“Consistency of involvement is a big deal in shipping. It is very hard to dip in and dip out.”

The Grid: Which sectors do you invest in and what is your methodology?

Marcus Machin: Our business is solely focused on shipping and oil services. We have approximately US$1.6bn in AUM, of which 40% is in a hedge fund while the rest is deployed in direct investments (59 vessels). From our Dubai office we cover a footprint roughly from Istanbul to Singapore.

The sectors we cover are perceived to be highly volatile in terms of earnings and asset values. Our job as investment manager is to ensure we understand the shipping and oil services markets  and the factors that affect them. We then match opportunities to the risk-return parameters of our institutional counter parties. In the last five years we have seen more people drawn into alternative assets as a result of low yields in habitual investments.

The Grid: Can they safely invest in such areas with little past experience?

Marcus Machin: Shipping is an attractive sector in part because for many it is a new asset class with an uncorrelated risk-return profile. Traditionally shipping has been funded by bilateral bank debt (70%). With pressure on balance sheets, banks have pulled back (overexposure and other calamities since 2008). That has meant demand for new sources of capital.

The sector is primarily US$ denominated, investments are typically tax neutral and there is a long established legal context governing contractual relationships in the shipping industry. Even here in the DIFC we now have the Emirates Maritime Arbitration Centre.

The Grid: What about the sector’s inherent volatility and its vulnerability to factors such as oil?

Marcus Machin: It’s a question of market knowledge and expertise. Like any other sector, if you are the market stooge you will find that you will have difficulty (same in property or aircraft investing). Despite being a global industry, shipping still operates on quite a self-contained basis (i.e. less corporatized than many international industries).

What that means is that industry intelligence and knowledge is not necessarily easy to come by, but long-term involvement is a considerable advantage because you gain access to direct market insight and have direct access to market participants. Consistency of involvement is a big deal in shipping. It is very hard successfully to dip in and dip out of the market.

The fall in oil prices in 2014 was extraordinarily helpful to sub-sectors like tankers, container and dry bulk shipping. The oil services sector, on the other hand, unsurprisingly has been impacted negatively. Participants are having to work through a protracted downturn as severe as any over the past thirty years.

The Grid: What does that mean for Tufton Oceanic?

Marcus Machin: It’s an opportunity. We should, if we do our job correctly, anticipate market movements, and we should, because of the focus on the key drivers in the industry both from the supply side (# of ships built) and demand side (for the movement of their cargoes), have a a clear opinion of which sub-sector should have a favourable outlook. That guides our investment decision-making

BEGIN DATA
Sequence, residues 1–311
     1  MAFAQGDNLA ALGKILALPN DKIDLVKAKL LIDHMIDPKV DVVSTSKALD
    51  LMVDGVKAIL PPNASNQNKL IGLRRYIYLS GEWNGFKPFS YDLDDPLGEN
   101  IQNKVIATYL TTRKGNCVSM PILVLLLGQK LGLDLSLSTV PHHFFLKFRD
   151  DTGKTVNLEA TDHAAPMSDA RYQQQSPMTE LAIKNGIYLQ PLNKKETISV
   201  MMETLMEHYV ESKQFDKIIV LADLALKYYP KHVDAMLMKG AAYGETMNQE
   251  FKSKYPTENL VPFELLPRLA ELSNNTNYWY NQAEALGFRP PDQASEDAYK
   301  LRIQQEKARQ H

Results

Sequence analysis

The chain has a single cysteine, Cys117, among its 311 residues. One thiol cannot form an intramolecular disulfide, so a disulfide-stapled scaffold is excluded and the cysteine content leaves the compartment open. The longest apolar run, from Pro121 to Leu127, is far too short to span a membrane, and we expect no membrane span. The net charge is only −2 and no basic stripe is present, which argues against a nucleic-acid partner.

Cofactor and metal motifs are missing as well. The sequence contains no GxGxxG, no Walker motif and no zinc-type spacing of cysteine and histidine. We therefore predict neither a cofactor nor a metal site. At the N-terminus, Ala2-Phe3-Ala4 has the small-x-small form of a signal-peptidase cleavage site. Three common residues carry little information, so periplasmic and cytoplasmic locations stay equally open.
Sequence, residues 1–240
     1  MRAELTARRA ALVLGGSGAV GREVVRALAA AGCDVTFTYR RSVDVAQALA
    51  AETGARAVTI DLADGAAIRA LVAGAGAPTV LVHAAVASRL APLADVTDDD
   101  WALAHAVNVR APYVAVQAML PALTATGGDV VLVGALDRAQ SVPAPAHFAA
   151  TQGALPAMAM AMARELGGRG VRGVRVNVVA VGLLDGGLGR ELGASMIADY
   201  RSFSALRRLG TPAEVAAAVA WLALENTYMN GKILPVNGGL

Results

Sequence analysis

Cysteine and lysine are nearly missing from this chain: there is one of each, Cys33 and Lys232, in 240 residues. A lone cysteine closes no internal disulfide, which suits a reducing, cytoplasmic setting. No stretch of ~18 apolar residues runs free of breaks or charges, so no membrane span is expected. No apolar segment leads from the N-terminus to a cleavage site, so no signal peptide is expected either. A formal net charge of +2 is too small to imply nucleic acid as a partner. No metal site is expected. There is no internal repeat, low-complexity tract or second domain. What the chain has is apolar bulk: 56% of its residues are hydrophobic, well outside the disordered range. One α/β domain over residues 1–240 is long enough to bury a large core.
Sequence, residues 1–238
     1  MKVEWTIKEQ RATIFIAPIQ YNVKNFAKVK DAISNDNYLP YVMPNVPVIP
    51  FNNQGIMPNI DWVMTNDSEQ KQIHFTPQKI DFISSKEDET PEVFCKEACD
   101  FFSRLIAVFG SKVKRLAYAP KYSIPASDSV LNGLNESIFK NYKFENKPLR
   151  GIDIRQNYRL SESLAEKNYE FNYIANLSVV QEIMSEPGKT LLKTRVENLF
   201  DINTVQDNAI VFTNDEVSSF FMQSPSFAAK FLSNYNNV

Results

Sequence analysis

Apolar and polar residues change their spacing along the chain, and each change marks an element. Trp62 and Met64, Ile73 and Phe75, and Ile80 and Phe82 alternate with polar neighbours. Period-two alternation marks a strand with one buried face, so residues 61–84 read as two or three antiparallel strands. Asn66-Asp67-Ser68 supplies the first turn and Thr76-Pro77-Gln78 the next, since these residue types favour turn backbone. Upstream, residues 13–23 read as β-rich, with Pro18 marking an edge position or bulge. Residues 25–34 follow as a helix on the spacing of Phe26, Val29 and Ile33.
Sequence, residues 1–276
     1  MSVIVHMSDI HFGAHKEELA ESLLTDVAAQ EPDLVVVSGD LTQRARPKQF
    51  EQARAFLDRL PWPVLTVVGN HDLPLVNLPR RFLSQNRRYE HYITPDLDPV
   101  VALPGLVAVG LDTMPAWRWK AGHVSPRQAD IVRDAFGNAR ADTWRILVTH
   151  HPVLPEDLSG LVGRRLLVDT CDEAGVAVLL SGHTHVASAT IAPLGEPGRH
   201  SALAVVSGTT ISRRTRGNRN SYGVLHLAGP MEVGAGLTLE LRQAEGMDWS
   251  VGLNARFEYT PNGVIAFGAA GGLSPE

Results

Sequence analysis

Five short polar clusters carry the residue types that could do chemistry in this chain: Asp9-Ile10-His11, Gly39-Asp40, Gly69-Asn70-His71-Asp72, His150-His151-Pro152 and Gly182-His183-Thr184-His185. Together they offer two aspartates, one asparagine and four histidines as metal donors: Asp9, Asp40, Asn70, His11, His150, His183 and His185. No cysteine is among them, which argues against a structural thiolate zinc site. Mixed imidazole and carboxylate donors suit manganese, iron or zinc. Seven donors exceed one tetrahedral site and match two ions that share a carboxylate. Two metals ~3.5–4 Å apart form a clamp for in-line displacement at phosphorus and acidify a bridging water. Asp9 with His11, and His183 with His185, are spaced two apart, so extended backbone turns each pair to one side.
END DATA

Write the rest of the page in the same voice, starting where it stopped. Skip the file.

The Grid: Which sub sector is more favourable going forward?

Marcus Machin: If you take a speculative approach and wish to look for strong capital gains its almost impossible to ignore the container shipping sector. In the medium term, the supply side is highly constrained. You can argue the same for the dry bulk market, but there possibly the barriers to entry are lower and the market has partially bounced back in the last six months. The container sector has yet to do so.

We have certainly followed our own advice and bought in the container sector for our investment vehicles which are governed by the requisite  risk – return parameters. Those mandates that take an aggressive stance are from UK and US pension funds that are not constrained by a specific hold period and which have the ability to sell on market improvement when it occurs..

The Grid: How are regional investors different from a risk-return perspective, if at all?

Marcus Machin: Our regional investors are conservative. They focus on credit, clear payment obligations and payment flows, not just market risk. In other words, pre-determined revenue flows that are focused on yield instead of capital gain. And the yield is favourable in comparison to that with similar risk in the property or aircraft sector. Over the last fifteen years we have delivered 8%-12% net annual returns in our managed vehicles.

The Grid: What’s in store for Tufton Oceanic in the region going forward?

Marcus Machin: The focus continues to be on our managed investment vehicle activity. We are looking at edging into the debt market as opposed to the equity investment market as a direct result of the retreat of the international banks. That creates an opportunity and we think that could be quite attractive.  That is a key differential. Where we traditionally looked at mezzanine or junior funding perhaps now there is an opportunity for senior funding. We are well placed to make sense of the overall shipping and oil services sectors in comparison with other investment opportunities , and this therefore is an interesting proposition for us and perhaps also for regional participants.

This is an extract from an interview with Marcus Machin, CEO, Tufton Oceanic (Middle East) Limited

Tufton Oceanic (Middle East) Limited is committed to being the pre-eminent fund manager for investors in the maritime, energy, transportation and infrastructure sectors. It is part of the London based Tufton Oceanic Finance Group which was established in 1985 and has been active in the Middle East since 2000 and regulated in the Dubai International Financial Centre since 2006.

Interview by Tasneem Mayet, Research Director, The Grid Media Ltd

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